Facebook's $100 Billion Valuation May Not Be Heroic
It will be a volatile ride, but Facebook's strong competitive advantages and growth opportunities could be the recipe for a hefty valuation, says Morningstar's Rick Summer.
Jeremy Glaser: For Morningstar, I'm Jeremy Glaser. Facebook's S-1 filing has gained a lot of attention as the social-networking giant prepares to go public. I'm here today with Morningstar senior analyst Rick Summer to take our first look at the company and see what he is thinking after reading these initial disclosures.
Rick, thanks for talking with me today.
Rick Summer: Sure. No problem.
Glaser: So, let's go ahead and start off with the business model. Before we didn't know exactly how much free cash flow Facebook would have or what its operating margins look like. What's your first impression of the financial performance of Facebook?
Summer: Yeah, it's fantastic in any way you think about it. I mean, we've looked at a lot of companies that have gone public recently. Typically when a company is in a startup mode, it's investing very heavily and it's investing in advance of profits and operating margins. We knew Facebook was profitable. The rumors were pretty rampant. The firm had not been thirsty for capital per se, but it's remarkable. So, it has $3.7 billion in profits, and $1 billion is flowing through to the bottom line at the same time. We're looking at operating margins of 47%. These are margins that aren't even hitting our widest-moat companies, like an Oracle, a Microsoft, or a Google at the same time. So, it's quite tremendous all the way around.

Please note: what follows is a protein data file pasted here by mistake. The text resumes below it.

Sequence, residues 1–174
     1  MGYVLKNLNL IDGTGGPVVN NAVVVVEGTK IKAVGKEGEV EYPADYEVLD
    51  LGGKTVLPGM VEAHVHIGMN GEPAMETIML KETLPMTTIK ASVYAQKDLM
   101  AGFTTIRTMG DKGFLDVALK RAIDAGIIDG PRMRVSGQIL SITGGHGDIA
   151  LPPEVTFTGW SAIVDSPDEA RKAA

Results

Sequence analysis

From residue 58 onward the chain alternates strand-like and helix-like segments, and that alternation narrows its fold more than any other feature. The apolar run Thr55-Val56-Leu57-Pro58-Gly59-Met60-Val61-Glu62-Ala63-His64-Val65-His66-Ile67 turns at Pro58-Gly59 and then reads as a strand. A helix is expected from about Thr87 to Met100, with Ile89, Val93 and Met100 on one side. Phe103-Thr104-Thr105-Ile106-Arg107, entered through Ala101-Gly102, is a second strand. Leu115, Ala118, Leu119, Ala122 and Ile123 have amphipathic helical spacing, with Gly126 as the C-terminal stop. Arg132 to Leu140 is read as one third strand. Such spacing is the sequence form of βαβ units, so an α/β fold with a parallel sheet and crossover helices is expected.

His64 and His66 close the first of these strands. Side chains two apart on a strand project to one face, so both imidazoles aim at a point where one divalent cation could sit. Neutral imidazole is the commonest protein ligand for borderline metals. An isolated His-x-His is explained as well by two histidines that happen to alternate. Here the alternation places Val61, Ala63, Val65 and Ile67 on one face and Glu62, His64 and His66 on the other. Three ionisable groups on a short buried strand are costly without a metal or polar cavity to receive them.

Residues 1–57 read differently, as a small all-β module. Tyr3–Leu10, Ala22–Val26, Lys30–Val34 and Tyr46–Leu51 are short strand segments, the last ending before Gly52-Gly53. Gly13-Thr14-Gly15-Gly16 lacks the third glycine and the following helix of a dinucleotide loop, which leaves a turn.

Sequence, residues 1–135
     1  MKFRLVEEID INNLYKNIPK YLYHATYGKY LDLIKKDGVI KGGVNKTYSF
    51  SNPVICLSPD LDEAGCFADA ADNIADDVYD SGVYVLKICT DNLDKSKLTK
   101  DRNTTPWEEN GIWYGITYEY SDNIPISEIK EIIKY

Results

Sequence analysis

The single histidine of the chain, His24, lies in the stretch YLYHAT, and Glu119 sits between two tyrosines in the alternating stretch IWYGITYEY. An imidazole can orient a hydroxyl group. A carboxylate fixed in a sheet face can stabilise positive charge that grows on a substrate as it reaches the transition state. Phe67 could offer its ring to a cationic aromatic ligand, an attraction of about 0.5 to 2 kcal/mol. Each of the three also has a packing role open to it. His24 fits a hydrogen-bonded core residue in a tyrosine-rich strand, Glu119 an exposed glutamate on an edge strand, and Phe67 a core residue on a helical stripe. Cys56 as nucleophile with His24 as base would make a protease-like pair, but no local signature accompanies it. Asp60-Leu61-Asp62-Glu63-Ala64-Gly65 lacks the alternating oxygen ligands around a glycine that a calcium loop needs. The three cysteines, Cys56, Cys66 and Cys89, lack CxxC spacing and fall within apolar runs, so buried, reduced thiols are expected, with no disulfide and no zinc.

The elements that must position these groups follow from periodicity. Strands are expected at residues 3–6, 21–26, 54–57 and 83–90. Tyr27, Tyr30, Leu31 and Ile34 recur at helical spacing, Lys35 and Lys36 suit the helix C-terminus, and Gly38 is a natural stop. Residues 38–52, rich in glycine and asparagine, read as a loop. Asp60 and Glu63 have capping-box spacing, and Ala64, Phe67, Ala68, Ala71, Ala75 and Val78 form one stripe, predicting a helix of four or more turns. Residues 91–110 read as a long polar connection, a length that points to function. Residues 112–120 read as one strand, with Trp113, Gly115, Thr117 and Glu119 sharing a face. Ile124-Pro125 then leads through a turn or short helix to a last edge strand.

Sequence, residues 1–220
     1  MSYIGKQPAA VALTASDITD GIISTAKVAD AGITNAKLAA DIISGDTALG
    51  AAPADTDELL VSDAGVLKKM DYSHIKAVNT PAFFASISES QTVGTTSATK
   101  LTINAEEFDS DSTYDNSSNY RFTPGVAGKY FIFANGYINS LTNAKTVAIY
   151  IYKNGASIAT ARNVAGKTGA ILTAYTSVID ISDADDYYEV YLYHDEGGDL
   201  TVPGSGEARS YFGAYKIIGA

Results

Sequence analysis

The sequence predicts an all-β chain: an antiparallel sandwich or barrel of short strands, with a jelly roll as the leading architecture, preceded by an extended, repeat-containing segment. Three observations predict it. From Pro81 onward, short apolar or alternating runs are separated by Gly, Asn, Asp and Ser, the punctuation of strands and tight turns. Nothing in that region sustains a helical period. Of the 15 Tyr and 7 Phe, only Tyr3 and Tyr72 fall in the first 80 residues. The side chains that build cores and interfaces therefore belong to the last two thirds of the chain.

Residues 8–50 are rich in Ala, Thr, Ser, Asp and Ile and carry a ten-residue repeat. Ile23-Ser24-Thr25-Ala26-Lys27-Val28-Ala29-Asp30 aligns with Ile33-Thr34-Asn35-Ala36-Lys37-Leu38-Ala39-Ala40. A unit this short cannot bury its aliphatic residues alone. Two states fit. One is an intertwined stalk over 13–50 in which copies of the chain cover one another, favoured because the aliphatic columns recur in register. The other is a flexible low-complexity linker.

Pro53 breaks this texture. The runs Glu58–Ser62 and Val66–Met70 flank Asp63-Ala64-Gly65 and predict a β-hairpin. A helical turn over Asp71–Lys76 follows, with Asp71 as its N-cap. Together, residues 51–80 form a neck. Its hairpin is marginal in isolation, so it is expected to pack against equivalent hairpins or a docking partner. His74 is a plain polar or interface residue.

Glaser: So, if we see these great operating margins, is this something sustainable when you start to think of Facebook's long-term competitive advantages? Can the firm actually keep this up, or are we at kind of peak Facebook right now?
Summer: Yeah. That's a very good question. One of the things that we see is there is this big secular tailwind that will continue to persist during the course of the next five to 10 years, and that's this big shift from offline to online advertising. Google has certainly been one of the biggest benefactors of that over the course of the last decade, and search-engine advertising has really taken the bulk of that. We've seen a lot more cyclicality around display advertising, and that market has been historically plagued by fits and starts. We can remember the big banner ads of 1999 and 2000 where people were buying real estate at aol.com, and then that tailed off. Then we had more maturity and a little bit more CPM-based and even some CPC-based, which is performance-based, advertising come out with the likes of Yahoo and AOL. But still, these are not real clean or linear paths for growth at the same time.